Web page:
It's 31 degrees here this morning (a little chilly for mid-April) and Highway 14 must still be open --- if the Iowa Department of Transportation road conditions map is to be believed. It's a little early to drive out and take a look.
This is how 14 looked from the cemetery at "rush hour" --- 5:30 p.m. maybe --- yesterday as those who live south of the Chariton River were trying to get there. Water had been creeping up gradually during the day until the south-bound lane was covered.
I'm not sure exactly how much rain we got from Wednesday into Thursday and beyond, but it was enough to send both the Chariton and the Whitebreast out of their banks, disrupting traffic flow through and within Lucas County.
Highway 34 remains closed from Chariton through the Lucas Bottoms to the intersection of 34 and Highway 65 just west of Lucas. The problem at the Chariton end is the Chariton River which has flooded the bottoms just south of town. That stop sign in the distance marks the intersection of South 16th Street and U.S. 34.
The Lockridge lumber yard is located at this intersection and workers there were forced to move some items in the outdoor inventory to higher ground.
I wanted to drive out to Lucas, since the Whitebreast flooding there is generally more dramatic, but couldn't figure out how to sneak into town from behind --- the DOT blocks paved approaches to flooding --- without going up through Lacona because the old stage road Whitebreast crossing probably would have been flooded, too.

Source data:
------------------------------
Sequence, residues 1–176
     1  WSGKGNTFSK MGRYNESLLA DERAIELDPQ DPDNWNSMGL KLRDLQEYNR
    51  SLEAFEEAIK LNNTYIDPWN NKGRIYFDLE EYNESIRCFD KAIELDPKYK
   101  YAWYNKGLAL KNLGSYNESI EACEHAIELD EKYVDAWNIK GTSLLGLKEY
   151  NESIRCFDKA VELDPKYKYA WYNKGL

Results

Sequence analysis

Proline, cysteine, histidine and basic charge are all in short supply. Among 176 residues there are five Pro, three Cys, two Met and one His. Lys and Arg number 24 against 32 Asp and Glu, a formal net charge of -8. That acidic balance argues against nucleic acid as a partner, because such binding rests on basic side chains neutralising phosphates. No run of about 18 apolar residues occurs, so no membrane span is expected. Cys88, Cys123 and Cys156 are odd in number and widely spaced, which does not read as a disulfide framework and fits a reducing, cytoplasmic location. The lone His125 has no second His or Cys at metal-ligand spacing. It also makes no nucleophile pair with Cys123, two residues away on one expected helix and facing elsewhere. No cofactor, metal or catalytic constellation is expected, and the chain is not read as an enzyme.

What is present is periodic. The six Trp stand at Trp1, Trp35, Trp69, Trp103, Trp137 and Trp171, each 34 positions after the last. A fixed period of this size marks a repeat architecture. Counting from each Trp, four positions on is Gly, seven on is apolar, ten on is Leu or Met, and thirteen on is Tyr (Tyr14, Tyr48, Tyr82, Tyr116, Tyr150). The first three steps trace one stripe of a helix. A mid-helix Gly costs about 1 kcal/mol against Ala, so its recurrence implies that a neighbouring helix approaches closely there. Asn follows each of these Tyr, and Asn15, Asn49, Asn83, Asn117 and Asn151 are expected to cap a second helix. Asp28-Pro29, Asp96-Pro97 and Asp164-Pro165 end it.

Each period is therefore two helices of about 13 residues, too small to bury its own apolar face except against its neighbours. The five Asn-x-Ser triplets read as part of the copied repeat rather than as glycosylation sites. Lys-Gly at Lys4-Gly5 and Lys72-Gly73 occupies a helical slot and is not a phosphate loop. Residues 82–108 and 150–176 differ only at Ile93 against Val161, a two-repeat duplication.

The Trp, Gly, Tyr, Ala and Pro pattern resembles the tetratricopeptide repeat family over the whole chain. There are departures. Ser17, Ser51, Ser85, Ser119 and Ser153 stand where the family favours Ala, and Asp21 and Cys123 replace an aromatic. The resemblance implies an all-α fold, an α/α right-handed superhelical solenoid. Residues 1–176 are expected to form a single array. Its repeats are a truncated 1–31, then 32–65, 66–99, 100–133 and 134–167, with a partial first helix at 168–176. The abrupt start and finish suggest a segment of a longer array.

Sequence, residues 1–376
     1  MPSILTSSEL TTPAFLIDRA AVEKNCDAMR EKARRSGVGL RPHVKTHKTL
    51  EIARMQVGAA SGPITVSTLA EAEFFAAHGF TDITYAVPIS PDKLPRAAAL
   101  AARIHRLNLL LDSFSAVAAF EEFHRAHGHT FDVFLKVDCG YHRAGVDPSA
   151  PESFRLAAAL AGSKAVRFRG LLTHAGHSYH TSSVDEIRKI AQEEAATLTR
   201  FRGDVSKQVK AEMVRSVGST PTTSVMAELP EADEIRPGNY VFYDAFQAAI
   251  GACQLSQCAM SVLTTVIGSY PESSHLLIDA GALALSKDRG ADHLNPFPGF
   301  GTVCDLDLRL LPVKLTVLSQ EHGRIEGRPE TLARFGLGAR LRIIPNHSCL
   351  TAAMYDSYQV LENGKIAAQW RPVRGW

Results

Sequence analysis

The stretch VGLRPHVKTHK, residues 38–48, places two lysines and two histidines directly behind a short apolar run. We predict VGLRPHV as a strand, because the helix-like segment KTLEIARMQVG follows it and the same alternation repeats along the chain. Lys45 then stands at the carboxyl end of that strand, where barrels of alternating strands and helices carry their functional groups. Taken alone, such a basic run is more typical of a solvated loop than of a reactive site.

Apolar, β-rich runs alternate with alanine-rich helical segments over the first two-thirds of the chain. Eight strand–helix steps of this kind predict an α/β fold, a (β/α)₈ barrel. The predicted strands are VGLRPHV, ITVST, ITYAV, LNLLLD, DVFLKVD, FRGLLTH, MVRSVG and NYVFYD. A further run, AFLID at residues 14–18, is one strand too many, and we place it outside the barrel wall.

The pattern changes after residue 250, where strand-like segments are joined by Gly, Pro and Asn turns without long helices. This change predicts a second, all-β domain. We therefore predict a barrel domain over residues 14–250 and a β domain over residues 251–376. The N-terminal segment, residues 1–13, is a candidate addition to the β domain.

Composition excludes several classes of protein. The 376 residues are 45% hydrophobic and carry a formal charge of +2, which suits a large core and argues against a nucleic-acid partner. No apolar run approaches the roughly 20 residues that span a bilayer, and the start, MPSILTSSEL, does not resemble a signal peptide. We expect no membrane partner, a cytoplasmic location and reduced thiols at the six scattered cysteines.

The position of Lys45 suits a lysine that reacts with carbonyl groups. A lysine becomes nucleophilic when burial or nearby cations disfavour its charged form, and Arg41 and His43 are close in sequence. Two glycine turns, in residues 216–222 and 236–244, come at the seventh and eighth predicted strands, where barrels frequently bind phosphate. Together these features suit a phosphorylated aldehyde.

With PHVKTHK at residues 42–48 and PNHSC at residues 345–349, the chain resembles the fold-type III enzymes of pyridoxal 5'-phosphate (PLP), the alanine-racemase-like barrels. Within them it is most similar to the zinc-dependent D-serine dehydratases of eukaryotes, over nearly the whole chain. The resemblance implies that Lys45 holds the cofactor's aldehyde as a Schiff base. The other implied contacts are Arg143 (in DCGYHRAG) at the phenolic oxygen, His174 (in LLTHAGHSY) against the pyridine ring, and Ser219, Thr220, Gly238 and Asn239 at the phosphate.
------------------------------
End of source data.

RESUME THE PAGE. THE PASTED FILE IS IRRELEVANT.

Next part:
I did run down to to the Chariton River's New York Road crossing, where water was over the road but not dramatically so. However, here's a good example of why we're advised against driving through water on flooded roads. See how the water is eroding the lefthand side of the roadway.
Pulled into the Slab Castle entrance road (the various incarnations of Slab Castle itself are long gone), which reminded me that I haven't walked back that way in a long time, and want to do so when it dries out.
Then the guy in the blue pickup (a fellow flood tourist) and I drove on in procession to the Chariton crossing on the first crossroads linking Highway 14 and the New York Road just south of town --- and enjoyed the view. The DNR employee who lives in the house on the hill north of this mailbox was pulling out after we turned around and headed back east. I wonder if he made it home --- the water still was rising.
Flooding usually causes minimal personal property loss in Lucas County because, as a rule, we've known better than to build near streams. But I'm sure the county supervisors are holding their heads this morning, wondering where they money to repair flood-damaged roads is going to come from.
Maybe I'll drive out to Lucas and take a look at the flooding there once the water goes down a little.